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Preston: With another test looming, Ravens defense trying to regain old form

The Ravens’ defensive players are trying to forget last week’s loss to the Cincinnati Bengals, but the memories will be in front of them Sunday when they host the unbeaten Denver Broncos at M&T Bank Stadium.

Cincinnati and Denver are very similar. Both offenses rely on a quick, three-step passing game. Both teams have two dominant running backs, big-play, skilled receivers and quarterbacks that are agile enough to extend plays outside the pocket.

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In the embarrassing 11-point loss to the Bengals, the Ravens allowed 373 yards and 34 points. They are looking to re-energize at home and regain some pride in a defense that has traditionally been tough for nearly 20 years.

There is a term for it.

“The key is just getting back to Ravens football, doing what we do,” defensive tackle Brandon Williams said. “Also, just kind of getting out there and going at it — just going and giving everything we’ve got. That’s what we have to do.”

In Denver, the Ravens face the NFL’s No. 4 ranked offense (427.5 yards per game), which is No. 2 in rushing (157 yards per game) and No. 13 in passing (270.5 yards per game). The Ravens will also be without two starters, including top cornerback Jimmy Smith (league suspension) and defensive tackle/end Willie Henry (hernia). Star middle linebacker C.J. Mosely (knee) will likely miss the game and cornerback Maurice Canady (thigh) was recently put on injured reserve.

“The game plan is still the same,” cornerback Brandon Carr said. “We can’t wait for Jimmy to get back and he is chomping at the bit to get out on the field. But as far as us out there now, we will continue to do what we do best, and that’s get after the ball and try to make plays.”

If the Ravens are going to play “Ravens football,” that means stopping the run first. The Broncos have two good rookie running backs in Phillip Lindsay (29 carries for 178 yards) and Royce Freeman (23 for 99).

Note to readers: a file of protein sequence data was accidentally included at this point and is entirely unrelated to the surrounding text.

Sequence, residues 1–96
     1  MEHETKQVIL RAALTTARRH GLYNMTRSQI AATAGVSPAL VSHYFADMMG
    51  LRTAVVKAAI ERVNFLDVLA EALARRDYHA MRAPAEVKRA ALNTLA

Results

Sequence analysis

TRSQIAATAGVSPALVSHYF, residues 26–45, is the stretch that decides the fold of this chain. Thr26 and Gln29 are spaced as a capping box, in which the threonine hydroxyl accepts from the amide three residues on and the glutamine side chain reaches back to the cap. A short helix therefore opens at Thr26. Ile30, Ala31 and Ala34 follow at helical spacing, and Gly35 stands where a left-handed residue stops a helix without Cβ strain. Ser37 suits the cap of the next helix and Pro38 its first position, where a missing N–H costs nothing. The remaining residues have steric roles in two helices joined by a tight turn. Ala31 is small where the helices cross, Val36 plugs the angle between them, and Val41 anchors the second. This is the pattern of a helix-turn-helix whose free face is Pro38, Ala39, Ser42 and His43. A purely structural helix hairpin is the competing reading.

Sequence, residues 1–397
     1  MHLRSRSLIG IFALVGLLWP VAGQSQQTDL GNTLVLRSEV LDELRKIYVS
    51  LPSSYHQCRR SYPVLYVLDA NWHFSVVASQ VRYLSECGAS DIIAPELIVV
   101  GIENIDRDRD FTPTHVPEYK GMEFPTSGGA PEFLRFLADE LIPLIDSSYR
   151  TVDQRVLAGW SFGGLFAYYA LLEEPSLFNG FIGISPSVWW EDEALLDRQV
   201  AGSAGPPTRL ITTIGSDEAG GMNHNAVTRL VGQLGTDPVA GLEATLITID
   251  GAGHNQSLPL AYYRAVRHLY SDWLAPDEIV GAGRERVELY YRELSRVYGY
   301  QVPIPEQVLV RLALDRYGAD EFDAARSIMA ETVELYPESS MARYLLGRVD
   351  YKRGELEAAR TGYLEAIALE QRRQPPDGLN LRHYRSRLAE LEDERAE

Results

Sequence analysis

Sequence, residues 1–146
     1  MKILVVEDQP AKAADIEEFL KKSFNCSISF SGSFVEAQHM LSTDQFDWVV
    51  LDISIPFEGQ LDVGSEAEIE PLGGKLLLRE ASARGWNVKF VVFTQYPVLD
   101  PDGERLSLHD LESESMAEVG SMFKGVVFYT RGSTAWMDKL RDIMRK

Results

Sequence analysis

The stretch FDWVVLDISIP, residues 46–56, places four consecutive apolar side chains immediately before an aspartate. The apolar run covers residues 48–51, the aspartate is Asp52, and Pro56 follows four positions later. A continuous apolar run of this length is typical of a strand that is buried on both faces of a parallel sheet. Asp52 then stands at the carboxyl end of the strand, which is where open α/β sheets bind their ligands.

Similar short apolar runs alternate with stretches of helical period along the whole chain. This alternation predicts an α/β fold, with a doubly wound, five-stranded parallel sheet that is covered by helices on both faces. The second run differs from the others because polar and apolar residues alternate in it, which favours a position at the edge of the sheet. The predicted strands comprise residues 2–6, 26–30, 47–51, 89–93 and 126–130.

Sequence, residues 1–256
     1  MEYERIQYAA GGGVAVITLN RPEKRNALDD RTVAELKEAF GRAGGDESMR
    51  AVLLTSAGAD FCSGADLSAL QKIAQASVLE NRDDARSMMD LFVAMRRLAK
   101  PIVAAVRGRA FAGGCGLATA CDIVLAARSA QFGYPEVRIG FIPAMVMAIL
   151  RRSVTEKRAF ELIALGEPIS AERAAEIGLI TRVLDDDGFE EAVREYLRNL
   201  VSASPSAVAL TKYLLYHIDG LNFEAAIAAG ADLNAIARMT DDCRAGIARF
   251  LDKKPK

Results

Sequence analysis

They have a successful downhill running game built by former Ravens offensive coordinator Gary Kubiak, who now works in Denver’s front office. It’s a one-cut, get upfield style. In the case of Lindsay, it’s one cut and goodbye. The kid can fly.

“Lindsay’s a rocket. I think he runs a 4.3 [40-yard dash],” Ravens defensive coordinator Don “Wink” Martindale said. “So you always have to be aware. Your antennas go up when he’s in the game. And the other kid’s [Freeman] a really good running back. He just doesn’t have 4.3 speed. But you can see why they drafted him and why they signed Lindsay as an undrafted free agent because he has the skill set that jumps out at you.”

To contain the running game, the Ravens are going to need strong games from Williams, fellow tackles Michael Pierce and Chris Wormley and end Brent Urban. Outside linebacker Matthew Judon needs to control the edge and keep Lindsay from turning the corner.

It will be interesting to see how the Ravens attack Denver quarterback Case Keenum, who has completed 44 of 74 passes for 551 yards with three touchdowns and four interceptions. Like Cincinnati quarterback Andy Dalton, Keenum relies on timing. The Ravens failed to sack Dalton last week, though they knocked down several passes at the line of scrimmage.

The Ravens might want to press and physically challenge the Broncos more at the line of scrimmage. They match up well with receivers Emmanuel Sanders and Demaryius Thomas. Carr is big enough to slow Thomas, and Marlon Humphrey can match speed with Sanders, who is more of a downfield threat.

When asked if the Ravens might play more press coverage, Martindale said: “Yes. We’ll do press coverage. We’ll do off coverage. We’re going to continue to rolodex our coverages to give the quarterbacks different looks, but we’ll do that, yes.”

The lack of contact at the line of scrimmage allowed Bengals receivers to run to soft spots in the Ravens’ zone defense.

“Some of it has to do with coverage,” Ravens coach John Harbaugh said. “We opened up a little bit, opened up some of the receivers a little bit in our zone coverages more than we wanted to, and gave him some quick throws that allowed him to get the ball out quickly. We want to try to force those to be tipped balls, interceptions, or he has to hold the ball and take the sack. So, the coverage and the pass rush go hand in hand.

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“They want to get the ball out quick, on time, on rhythm and to complete passes. They combine that with a really good running game. I think they do a good job of scheming. They’re kind of based … They have packages that they put together, not as much RPO [run-pass option], not as much of the read-option, though it’s in there.”

This will be the second tough challenge for the Ravens defense in as many weeks. Despite the strong preseason, it was hard to determine if the Ravens were as good as their reputation. They were stellar in the first week against the Buffalo Bills, but below average against the Bengals.

Overall, the Ravens are still ranked No. 2 in total defense but just 15th against the run. Come Sunday, we’ll find out if they have rebounded or were overrated.

“Ravens football” could be an old term or still in style.

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